Photo by Mike Kerr
When it comes to South Memphis, the city is ready to step off the beaten path and embark on a new journey of growth and renewal. After almost a decade of planning, the Memphis Heritage Trail project was formally launched by the Housing and Community Development Division of the Memphis City Government this spring.
As opposed to one clear route, the Memphis Heritage Trail is actually the name of an extended project which encompasses a wide swathe of the South City neighborhood. The purpose of the trail is to promote cultural understanding and economic growth within the city by highlighting the history of African American achievement in Memphis.
Their stated mission is “To recognize the significant contributions of African Americans who helped shape the rich business, cultural, and musical heritage of Memphis, Tennessee.”
While their March debut drew attention to all the progress the MHT team has already made, the trail is really at the heart of a much broader project to restore an entire neighborhood, many aspects of which have yet to be completed. The Memphis Heritage Trail region will encompass the area bordered by Beale Street on the north, Walnut Street on the east, Crump Boulevard on the south, and Main Street on the west. The MHT team is working in conjunction with the JobsPlus Program and the South City Choice Neighborhoods Initiative, which seeks to create urban renewal by replacing the dilapidated Foote Homes public housing development with redesigned mixed income housing. Fighting blight and underuse throughout the area, the Memphis Heritage Trail will support the refurbishment of neglected historical sites such as the Universal Life Insurance Building and the Robert Church Park, all while implementing new public spaces and historical monuments.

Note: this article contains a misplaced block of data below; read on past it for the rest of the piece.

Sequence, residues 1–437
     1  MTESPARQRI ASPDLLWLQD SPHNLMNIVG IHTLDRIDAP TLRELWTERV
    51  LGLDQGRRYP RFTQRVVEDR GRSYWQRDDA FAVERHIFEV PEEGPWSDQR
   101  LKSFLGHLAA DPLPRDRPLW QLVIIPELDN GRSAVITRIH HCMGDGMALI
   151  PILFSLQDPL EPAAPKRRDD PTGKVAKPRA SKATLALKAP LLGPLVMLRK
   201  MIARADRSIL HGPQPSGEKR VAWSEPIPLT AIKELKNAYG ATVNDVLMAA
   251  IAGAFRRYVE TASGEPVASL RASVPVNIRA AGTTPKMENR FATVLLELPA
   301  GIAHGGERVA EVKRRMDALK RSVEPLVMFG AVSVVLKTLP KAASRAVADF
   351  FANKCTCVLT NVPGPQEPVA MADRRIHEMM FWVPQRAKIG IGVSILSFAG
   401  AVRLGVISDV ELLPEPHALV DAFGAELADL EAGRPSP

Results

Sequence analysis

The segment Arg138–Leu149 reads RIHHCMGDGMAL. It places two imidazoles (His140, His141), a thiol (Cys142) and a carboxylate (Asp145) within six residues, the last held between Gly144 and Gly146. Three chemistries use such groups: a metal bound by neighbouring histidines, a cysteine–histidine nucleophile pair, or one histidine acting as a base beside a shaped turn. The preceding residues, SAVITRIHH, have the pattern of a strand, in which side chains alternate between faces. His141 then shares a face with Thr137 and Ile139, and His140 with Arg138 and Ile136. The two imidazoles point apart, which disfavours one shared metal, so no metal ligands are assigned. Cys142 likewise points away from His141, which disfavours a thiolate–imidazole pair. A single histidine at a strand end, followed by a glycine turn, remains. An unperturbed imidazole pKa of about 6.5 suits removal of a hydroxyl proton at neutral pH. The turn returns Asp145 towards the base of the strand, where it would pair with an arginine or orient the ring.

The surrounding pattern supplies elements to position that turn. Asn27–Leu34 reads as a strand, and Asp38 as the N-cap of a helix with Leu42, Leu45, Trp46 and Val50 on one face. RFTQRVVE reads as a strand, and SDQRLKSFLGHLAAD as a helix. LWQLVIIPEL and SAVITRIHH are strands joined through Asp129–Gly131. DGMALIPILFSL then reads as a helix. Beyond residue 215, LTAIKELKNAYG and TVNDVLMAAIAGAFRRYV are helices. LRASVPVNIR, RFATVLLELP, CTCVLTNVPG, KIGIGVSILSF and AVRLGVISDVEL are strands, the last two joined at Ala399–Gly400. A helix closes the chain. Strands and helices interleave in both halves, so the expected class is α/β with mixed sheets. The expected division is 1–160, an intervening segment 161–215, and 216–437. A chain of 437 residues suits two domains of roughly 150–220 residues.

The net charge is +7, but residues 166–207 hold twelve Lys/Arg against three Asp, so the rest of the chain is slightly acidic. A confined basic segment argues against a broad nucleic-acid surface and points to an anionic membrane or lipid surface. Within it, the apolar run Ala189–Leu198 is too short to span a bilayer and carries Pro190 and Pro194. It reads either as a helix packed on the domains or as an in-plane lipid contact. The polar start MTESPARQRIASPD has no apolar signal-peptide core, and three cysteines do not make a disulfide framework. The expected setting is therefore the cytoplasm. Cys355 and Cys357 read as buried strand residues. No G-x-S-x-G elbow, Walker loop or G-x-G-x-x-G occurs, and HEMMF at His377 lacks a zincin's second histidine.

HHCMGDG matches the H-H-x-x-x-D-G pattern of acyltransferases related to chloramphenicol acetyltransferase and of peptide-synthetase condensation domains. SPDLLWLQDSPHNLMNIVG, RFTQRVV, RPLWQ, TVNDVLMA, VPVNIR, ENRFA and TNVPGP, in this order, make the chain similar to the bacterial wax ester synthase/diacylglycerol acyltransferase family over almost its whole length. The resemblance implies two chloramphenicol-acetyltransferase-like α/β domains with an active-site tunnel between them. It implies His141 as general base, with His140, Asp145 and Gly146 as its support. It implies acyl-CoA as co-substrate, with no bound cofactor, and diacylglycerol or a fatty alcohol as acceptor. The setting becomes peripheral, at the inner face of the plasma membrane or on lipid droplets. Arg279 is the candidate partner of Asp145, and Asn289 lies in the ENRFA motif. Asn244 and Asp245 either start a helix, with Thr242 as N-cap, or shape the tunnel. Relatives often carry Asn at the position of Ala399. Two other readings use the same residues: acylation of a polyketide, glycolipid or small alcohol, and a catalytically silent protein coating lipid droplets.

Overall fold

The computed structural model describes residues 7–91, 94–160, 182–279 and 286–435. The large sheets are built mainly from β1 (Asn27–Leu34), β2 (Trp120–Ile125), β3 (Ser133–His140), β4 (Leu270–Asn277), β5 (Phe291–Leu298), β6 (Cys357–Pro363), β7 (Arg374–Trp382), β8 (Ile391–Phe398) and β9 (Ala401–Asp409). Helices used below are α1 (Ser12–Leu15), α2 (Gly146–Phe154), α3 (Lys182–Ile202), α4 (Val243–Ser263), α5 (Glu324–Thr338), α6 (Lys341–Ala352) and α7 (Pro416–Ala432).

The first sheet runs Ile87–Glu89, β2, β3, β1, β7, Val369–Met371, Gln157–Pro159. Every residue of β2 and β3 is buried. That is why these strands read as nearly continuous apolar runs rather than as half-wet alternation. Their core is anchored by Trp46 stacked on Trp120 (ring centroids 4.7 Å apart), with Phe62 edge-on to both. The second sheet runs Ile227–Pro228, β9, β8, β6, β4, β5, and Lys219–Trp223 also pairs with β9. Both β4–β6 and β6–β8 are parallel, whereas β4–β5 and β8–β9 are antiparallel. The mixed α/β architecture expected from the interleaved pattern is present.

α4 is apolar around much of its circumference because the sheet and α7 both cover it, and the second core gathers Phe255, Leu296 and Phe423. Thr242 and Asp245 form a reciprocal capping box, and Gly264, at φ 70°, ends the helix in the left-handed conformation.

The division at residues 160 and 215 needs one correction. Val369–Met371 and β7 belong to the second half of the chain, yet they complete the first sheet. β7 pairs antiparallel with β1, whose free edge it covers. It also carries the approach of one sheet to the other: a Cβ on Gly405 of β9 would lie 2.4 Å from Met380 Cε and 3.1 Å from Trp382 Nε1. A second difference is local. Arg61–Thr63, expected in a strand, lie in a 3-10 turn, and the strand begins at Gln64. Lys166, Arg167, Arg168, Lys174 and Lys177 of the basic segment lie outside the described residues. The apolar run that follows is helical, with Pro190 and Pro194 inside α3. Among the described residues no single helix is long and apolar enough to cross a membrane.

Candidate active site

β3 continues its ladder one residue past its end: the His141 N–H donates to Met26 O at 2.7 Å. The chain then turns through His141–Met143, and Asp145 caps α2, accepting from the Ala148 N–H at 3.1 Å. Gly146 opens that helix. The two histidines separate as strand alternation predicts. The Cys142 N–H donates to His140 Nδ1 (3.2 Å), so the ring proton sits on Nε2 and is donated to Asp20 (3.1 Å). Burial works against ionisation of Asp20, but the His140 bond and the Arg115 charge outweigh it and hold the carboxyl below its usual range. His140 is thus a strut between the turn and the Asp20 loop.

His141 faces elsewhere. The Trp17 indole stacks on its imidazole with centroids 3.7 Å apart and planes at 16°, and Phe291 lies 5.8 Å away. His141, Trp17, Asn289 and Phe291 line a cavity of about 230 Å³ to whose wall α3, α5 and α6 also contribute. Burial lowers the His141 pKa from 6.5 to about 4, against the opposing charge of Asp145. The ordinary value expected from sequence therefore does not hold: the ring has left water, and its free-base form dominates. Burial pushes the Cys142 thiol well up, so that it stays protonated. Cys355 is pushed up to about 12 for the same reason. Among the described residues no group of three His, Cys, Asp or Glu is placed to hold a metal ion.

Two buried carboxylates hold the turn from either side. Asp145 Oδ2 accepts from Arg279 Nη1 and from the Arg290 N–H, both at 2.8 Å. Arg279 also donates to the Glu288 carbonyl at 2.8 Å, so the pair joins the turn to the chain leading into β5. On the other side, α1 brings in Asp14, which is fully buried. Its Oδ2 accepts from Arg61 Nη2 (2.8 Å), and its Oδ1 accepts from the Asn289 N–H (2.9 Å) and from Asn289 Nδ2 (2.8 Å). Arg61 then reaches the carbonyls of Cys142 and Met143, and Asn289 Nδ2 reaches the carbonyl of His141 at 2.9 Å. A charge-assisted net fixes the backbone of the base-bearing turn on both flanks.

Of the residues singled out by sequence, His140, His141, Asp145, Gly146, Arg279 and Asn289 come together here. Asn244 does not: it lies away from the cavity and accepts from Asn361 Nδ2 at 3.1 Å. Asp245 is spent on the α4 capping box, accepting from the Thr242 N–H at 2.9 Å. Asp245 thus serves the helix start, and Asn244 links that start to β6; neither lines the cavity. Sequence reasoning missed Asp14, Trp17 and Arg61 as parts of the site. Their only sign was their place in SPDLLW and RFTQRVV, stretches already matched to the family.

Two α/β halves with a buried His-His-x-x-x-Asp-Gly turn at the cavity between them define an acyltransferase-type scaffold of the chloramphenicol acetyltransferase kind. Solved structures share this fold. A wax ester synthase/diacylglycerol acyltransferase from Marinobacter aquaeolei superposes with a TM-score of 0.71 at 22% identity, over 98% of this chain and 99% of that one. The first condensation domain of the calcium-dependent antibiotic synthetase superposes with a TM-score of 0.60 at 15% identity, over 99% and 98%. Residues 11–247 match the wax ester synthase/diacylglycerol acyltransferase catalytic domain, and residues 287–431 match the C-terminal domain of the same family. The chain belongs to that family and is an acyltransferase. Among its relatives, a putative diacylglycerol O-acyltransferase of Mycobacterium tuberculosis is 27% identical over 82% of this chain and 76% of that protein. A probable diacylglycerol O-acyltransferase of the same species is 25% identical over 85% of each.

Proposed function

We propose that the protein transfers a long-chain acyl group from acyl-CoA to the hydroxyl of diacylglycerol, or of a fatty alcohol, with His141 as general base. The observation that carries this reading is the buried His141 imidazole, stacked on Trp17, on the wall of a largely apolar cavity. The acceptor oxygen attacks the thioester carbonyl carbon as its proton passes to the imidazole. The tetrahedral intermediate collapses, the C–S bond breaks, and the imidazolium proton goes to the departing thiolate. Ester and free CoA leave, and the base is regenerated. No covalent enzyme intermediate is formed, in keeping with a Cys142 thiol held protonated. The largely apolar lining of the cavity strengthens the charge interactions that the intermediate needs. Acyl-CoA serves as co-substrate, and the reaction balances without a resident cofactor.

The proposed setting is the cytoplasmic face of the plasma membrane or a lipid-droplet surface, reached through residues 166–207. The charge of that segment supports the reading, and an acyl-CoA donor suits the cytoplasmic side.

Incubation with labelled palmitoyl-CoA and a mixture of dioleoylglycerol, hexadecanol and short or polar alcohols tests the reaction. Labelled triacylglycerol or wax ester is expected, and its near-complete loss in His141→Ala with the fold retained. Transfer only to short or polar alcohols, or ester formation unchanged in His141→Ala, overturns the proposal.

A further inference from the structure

The trail is organized into four distinct loops, each of which is anchored by a series of important locations:
- The Civil Rights Historic Loop weaves throughout the National Civil Rights Museum, the Blues Hall of Fame, and Clayborn Temple, in addition to several other important sites.
- The Business-Entertainment Historic Loop features such destinations as the Beale Street Historic District, W.C. Handy Park and the Withers Collection Museum and Gallery, among others.
- The Historic Commerce Loop highlights businesses historically owned and operated by African Americans, such as the Universal Life Insurance Building, Sun Studio, and the Cornelia Crenshaw Library.
- Finally, the Historic Residential Loop features historically significant neighborhoods, homes, and schools in the area.
Beyond just the locations designated by the trails, each loop highlights a series of important historical people and events. The loops will eventually feature a series of interactive exhibits and plazas, creating a stimulating and engaging educational process.
Paul Davis, Memphis’ Director of the Division of Housing and Community Development, summarizes his motivation for the project in a video posted to the MHT website:
The city of Memphis tells the story of civil rights better than probably any other city in this country. And so for us to embrace that history–not only is it good for our residents and our children, it’s good for the nation and it’ll result in economic returns for us with visitors coming in to absorb that history.
The Memphis Heritage Trail has already begun to install new signage, develop a mobile app and driving brochure and designate new art installations, however this is only the beginning. The project’s ultimate goals will be accomplished via a three part plan, the timeline of which will be released soon.